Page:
A-James Madison (2) . .3:00 H-Appa. Stata (2) . . . 10:00 A-Hlgh Point 3:00 H-VCU 3:00

A-Va. Tach Fall Classic Longwood. Va. Tech, VMI, Shlppansburg, Farrum H--Virginia 12) 1.00 A-Vlrginla 12) 1:00 H- Longwood Intersquad Mlnl-Sarias (two taams)

All fall gamas ara scrimmages Longwood home games will be played on Lancer Field.

Nov.

22 26 29 1 6 8 B 12 16

Oct.

11 15 18 27 2 45

Nov.

11-12

H—Chowan H-CinJy Smith Invitational Longwood, LBC, Radford, Hampton Institute, Ferrum A-Bridgewater with A-Liberty Baptist . . . .7 00 A—Mary Washington A-Radford Tournament LBC, Radford, Longwood, VCU 6:00 H-Longwood Division II Tournament

All home games will be pleyed on First Avenue Field.

WOMEN'S GOLF WOMEN'S TENNIS Oct.

12 13 10 28

A- Sweat Briar A-Ran.Macon H-Mary Baldwin H-Mary Washington . .

VOLLEYBALL

SOCCER 3:00 3:00 3:00 .3:00

Oct.

Oct.

4 8 12

A-VCU 3:30 H-Mt. St. Mary'i 1:00 H-Marv Washington . . .3:30

4

Oct

A—Hollins with Bridgewater A—Roanoke with

7

7-9 21-23

.6:00 Nov . 6:00

"Bee cries 3 f .RESTAURANT

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CORNIR OF EAST THIRD AND SOUTH STRUT IN THI FORMIR RAROAS RUILOINO FARMVILLE, VA.

79

A-Ouke U. Invitational (Durham, NO 54 holes A-Lady Tar Heel Invitational (Chapel Hill, NO . . .54 holes A-NC State Invitational (Raleigh, NCI 54 holes

PLAYERS OF THE WEEK!

- LONGWOOD COLLEGE FIELD HOCKEY

SOCCER

'4

WEEK OF SEPT. 5-11 DAN BUBNIS

LANCERS ON DEFENSE Longwood's Scott Thoden turns away Randolph-Macon's assault.

*h> >*

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Page 8

THE ROTUNDA

Tuesday, October 4, 1983

Lancer Sports IAA Update

LC Sports Briefs Sullivan Chosen Longwood senior shortstop John Sullivan was among the final group chosen at the Virginia Olympic Tryouts September 24 at the University of Virginia. Sullivan is a native of East Quogue, New York and a grad of W. Hampton Beach High. While only one player was picked to go on to the regional tryouts in I/)uisville, Sullivan was one of three shortstops picked for the final cut. Former Virginia State player Steve Ellerbe, a leftfielder, was picked by the tryout staff to go to Louisville in October. Sullivan batted .347 with 6 doubles and 4 homers in 1983. Longwood coach Buddy Bolding, a member of the tryout

staff, said it was the consensus of the group to send the player with the best opportunity for making the national team. Baseball will be a demonstration sport at the 1984 Olmpics in Los Angeles.

LC Golfer Longwood's men's golf team, which winds up its fall season this week, placed fifth out of 10 teams in the Old Dominion Collegiate Tournament last Monday and Tuesday at Dee Run Golf Course in Newport News. The Lancers play a three-team match Tuesday at RandolphMacon with Mary Washington to wrap-up the fall campaign. Macon won the Old Dominion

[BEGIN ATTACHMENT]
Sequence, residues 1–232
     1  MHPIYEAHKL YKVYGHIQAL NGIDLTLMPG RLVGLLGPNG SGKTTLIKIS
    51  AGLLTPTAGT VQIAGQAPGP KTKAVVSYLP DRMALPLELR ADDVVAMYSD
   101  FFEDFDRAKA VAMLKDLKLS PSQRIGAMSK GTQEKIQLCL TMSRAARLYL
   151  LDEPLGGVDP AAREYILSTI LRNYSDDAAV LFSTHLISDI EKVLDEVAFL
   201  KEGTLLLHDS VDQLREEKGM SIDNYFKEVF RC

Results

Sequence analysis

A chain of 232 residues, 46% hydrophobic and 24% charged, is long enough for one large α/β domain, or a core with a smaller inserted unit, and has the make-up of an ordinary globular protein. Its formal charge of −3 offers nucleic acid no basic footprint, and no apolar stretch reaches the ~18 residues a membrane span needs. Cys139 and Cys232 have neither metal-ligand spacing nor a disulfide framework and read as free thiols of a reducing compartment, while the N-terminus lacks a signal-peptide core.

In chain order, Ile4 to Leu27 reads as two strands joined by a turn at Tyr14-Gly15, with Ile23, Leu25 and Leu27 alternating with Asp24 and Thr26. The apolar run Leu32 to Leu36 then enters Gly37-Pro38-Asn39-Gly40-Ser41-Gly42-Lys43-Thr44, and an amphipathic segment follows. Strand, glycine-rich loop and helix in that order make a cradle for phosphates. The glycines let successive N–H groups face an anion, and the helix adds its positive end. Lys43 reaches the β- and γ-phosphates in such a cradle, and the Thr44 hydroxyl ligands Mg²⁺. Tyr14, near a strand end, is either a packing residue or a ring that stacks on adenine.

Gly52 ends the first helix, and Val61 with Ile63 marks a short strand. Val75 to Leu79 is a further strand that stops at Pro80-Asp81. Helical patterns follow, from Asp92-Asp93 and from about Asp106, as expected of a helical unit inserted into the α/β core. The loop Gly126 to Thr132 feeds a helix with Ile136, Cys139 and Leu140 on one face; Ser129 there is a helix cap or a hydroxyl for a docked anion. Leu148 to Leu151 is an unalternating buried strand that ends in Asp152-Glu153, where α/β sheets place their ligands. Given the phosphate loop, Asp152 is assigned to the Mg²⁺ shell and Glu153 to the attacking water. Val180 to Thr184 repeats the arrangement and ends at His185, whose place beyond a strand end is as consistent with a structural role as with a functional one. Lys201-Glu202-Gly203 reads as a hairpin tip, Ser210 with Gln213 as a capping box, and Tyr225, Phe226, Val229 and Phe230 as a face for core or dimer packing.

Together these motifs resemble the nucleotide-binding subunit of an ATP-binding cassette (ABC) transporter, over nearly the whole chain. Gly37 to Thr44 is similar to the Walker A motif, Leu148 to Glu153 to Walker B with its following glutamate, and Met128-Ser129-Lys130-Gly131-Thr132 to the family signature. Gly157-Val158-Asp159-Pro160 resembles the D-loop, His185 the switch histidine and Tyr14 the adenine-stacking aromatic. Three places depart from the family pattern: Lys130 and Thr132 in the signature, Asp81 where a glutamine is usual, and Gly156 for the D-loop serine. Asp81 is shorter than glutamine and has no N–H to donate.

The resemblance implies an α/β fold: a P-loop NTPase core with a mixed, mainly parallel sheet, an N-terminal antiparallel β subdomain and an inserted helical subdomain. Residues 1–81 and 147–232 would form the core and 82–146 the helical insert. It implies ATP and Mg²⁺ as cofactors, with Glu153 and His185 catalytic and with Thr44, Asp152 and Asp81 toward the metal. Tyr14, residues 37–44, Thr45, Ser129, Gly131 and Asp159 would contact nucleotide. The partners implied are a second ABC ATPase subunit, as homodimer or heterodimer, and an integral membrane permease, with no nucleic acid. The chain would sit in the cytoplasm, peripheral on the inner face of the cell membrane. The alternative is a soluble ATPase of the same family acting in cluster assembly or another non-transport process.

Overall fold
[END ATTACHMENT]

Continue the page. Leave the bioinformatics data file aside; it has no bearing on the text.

a Marshall A. Thackston XI

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Women's flag football is underway with 12 teams participating. A four-game, round-robin, single elimination tournament will decide the victor. Seventeen teams will be competing in men's bowling which officially starts on September 25. A double elimination tournament will end the series. The three-man basketball tournament is over. "Cool-5" won the under six feet, while "Jazz" won the over six. Entry blanks for men's indoor soccer are due October 12. The captain's meeting will also be on that evening at 6:30 in the LA A. room in Lankford. Official entry blanks are due October 10 and a

meeting is planned for October 11. Practices for indoor soccer will be held October 13-16. Play begins October 17. During the weekend of October 14-16, there will be a co-ed volleyball tournament. More information later. Entry blanks for women's volleyball are due October 19. There will also be a captain's meeting that evening. Officials application are due October 18 and a clinic is scheduled for the 19th. Entry blanks are located in the I.A.A. office which is upstairs in Iler. Teams vying for the All Sports Trophy should send a representative to the next meeting which will be on October 13.

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tournament with a 653 while Newport News Apprentice was second at 658. Chowan finished third at 689 while Mary Washington was fourth with the same score. Next came Longwood at 690, Virginia Wesleyan 699, ChristopherNewport 709 and St. Augustine's 710. The Old Dominion "B" team and Livingstone were disqualified. Longwood was led by Stan Edwards with an 81-84-165. Other scores included: Glen Bugg 85-88173, Ty Bordner 86-88-174, Danny Hughes 89-92-181 and Punkaj Rishi 92-89-181.

<<«■»><^B»i"^W'<i.«M» •■^^irmam >«■» -mtm

By LAURIE POOL For the 1982-83 school year approximately $100,000 supported between 70-73 athletic students at Longwood College. Over half of the financial support came from student tuition athletic and intramural fees. The other portion came from a combination of donnations from the Lancer Club, concession sales, business sponsored tournaments, and private donations. Four women's sports receive athletic funding at Longwood: basketball, field hockey, gymnastics, and golf. The three male sports include basketball, baseball, and socceY. Carolyn Hodges, Athletic Director (AD), along with the Inter-collegiate Council (IAC) determine the allotment of money to Longwood's athletes. To determine the amount available to each sport, the AD and IAC focus on the sport's participation level in proportion to the total number of male and female students attending Longwood. Marvin Ragland, Director of Financial Aid, stated that the overall G.P.A.'s of students attending Longwood on athletic scholarships does not significantly vary from the overall student average. «■■»

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Rotunda vol 63, no 2 oct 4, 1983  
Rotunda vol 63, no 2 oct 4, 1983